Ploetz, R.C., Zentmyer, G.A., Nishijima, W.T., Rohrbach, K.G. & Ohr, H.D. 1994 Compendium of tropical fruit diseases. 1st ed. The American Phytopathological Soc., St. Paul, MN
Ratovohery, J.V., Lozano, Y.F. & Gaydou, E.M. 1988 Fruit development effect on fatty acid composition of Persea americana fruit mesocarp J. Agr. Food Chem. 36 2 287 293
Schnell, R.J., Tondo, C.L., Brown, J.S., Kuhn, D.N. & Ayala-Silva, T. 2009 Outcrossing between ‘Bacon’ pollinizers and adjacent ‘Hass’ avocado trees and the description of two new lethal mutants HortScience 44 1522 1526
Scora, R.W., Wolstenholme, B.N. & Lavi, U. 2002 Taxonomy and botany, p. 15–37. In: B. Schaffer, B.N. Wolstenholme, and A.W. Whiley (eds.). The avocado: Botany, production and uses. 1st ed. CABI, Boston, MA
Thurman, T.H. Jr & Campbell, C.W. 1959 Evaluation of indices for Florida avocado maturity Proc. Annu. Meet. Fla. State Hort. Soc. 72 349 353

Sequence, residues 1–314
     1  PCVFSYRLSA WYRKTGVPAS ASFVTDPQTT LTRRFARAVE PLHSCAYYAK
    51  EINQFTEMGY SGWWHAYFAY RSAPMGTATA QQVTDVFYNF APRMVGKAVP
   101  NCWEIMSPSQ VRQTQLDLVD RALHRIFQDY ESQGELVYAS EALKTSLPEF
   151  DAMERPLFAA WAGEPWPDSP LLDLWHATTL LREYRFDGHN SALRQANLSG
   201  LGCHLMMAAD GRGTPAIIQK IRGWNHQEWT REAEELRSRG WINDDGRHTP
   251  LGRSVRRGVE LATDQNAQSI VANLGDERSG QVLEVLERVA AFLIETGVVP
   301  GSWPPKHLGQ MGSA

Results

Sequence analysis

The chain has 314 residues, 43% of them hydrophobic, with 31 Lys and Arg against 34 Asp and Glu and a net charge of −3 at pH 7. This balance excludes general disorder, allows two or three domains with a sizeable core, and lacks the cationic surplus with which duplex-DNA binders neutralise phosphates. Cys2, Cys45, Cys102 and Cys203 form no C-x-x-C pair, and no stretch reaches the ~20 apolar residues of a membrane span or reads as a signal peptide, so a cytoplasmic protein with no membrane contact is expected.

U.C. Riverside Avocado Database 2016 20 Mar. 2016. <http://ucavo.ucr.edu/avocadovarieties/avocadovarieties.html>.
Vrecenar-Gadus, M. & Ellstrand, N.C. 1985 The effect of planting design on out-crossing rate and yield in the ‘Hass’ avocado Sci. Hort. 27 215 221
White, A., Woolf, A., Hofman, P. & Arpaia, M.L. 2009 The international avocado quality manual. 1st ed. Plant and Food Research, New Zealand
Yahia, E.M. & Woolf, A.B. 2011 Avocado (Persea americana Mill.), p. 125–185. In: E.M. Yahia (ed.). Postharvest biology and technology of tropical and subtropical fruits Volume 2: Açai to citrus. 1st ed. Woodhead Publishing, Cambridge, UK